SpaceX recently inked a deal with NASA to move any of the company's Starlink internet satellites out of the way if they stray too close to the International Space Station or other agency spacecraft.
The Space Act Agreement, which was signed on March 18, will help maintain and improve space safety, NASA officials said.
SpaceX has launched more than 1,400 of its Starlink broadband satellites to orbit to date. Following the first operational Starlink launch in 2019, the company has tweaked the satellites' design, providing upgrades intended to reduce their reflectivity, enable them to communicate with each other on orbit and even maneuver out of the way if necessary.
"With commercial companies launching more and more satellites, it’s critical we increase communications, exchange data and establish best practices to ensure we all maintain a safe space environment," Steve Jurczyk, NASA's acting administrator, said in a statement (opens in new tab).
In 2020, the International Space Station had to adjust its orbit multiple times to avoid potential collisions, a task that takes some coordinated effort. As the number of Starlink and other satellites in orbit increases, so does the likelihood that some type of space-traffic incident could occur.
SpaceX has long stressed that its Starlink satellites are equipped with autonomous collision-avoidance features that help the craft change positions in orbit. By signing this new agreement, NASA is hopeful that if such a close pass should occur, only the Starlink spacecraft will have to move.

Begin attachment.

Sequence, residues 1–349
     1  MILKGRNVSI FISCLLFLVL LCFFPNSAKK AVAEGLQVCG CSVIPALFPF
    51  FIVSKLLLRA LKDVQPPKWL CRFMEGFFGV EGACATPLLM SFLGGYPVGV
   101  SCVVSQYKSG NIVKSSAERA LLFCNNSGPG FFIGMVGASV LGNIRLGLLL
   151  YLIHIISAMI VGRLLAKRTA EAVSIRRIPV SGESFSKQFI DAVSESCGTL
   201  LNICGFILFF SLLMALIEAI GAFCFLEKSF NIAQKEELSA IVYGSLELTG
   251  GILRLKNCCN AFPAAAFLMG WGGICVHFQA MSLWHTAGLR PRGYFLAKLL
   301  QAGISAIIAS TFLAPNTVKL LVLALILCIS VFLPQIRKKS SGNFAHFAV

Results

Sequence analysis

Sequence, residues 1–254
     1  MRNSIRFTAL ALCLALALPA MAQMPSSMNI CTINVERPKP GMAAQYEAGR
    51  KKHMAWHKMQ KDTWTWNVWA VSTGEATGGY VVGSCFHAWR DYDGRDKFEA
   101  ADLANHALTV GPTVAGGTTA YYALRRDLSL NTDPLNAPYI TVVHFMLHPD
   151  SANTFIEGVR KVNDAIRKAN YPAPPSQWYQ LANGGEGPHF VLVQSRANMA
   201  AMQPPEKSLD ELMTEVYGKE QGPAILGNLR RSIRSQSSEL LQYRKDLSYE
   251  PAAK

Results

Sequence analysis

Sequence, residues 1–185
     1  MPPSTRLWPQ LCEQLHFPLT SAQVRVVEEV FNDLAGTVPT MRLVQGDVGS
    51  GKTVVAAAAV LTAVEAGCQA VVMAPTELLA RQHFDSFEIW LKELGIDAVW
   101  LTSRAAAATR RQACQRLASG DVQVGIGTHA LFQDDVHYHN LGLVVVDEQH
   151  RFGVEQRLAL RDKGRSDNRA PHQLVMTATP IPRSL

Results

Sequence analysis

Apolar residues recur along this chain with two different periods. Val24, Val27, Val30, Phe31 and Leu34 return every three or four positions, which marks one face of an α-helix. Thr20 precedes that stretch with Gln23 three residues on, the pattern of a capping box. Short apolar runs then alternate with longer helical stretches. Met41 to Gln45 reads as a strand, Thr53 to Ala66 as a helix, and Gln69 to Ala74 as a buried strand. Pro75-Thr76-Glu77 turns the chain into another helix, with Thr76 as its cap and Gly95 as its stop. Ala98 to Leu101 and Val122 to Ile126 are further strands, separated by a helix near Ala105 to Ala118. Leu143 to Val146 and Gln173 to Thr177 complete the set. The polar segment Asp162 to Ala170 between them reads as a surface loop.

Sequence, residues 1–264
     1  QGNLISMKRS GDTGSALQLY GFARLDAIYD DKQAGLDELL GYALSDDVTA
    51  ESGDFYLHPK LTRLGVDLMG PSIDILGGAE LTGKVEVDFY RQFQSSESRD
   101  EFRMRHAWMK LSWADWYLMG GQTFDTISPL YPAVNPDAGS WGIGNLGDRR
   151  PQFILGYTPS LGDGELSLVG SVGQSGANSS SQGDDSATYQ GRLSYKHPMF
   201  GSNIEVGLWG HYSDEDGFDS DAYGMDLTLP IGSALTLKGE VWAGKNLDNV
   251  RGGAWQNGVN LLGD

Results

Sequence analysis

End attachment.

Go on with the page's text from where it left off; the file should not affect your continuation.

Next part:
The agreement also requires SpaceX to notify NASA at least a week before each Starlink launch so the agency can determine if that mission poses any collision-avoidance issues. To go one step further, SpaceX has agreed to launch its satellites into initial orbits that do not come within 3 miles (5 kilometers) of the ISS or other NASA spacecraft.
"NASA has agreed to not maneuver in the event of a potential conjunction to ensure the parties do not inadvertently maneuver into one another," the agreement states (opens in new tab). "NASA will operate on the basis that the autonomous maneuvering capability of the Starlink satellites will attempt to maneuver to avoid conjunction with NASA assets, and that NASA will maintain its planned trajectory unless otherwise informed by SpaceX."
Additionally, the collaboration with SpaceX will include work to further reduce the brightness of the Starlink satellites. To date, SpaceX has outfitted its Starlink satellites with a special sun visor that reduces the spacecraft's brightness, but the agreement allows for the sharing of information between the two entities.
SpaceX is not the only company with big plans for space-based internet service. OneWeb, Telstar and Amazon all have their own constellations planned. In a real-world example of why these types of agreements exist, a Starlink spacecraft and a OneWeb satellite zoomed uncomfortably close to each other on March 30.
The two companies were able to coordinate, with OneWeb moving its satellite out of the way. As the number of satellites in space increases rapidly, such cooperation will likely be key to avoiding collisions.
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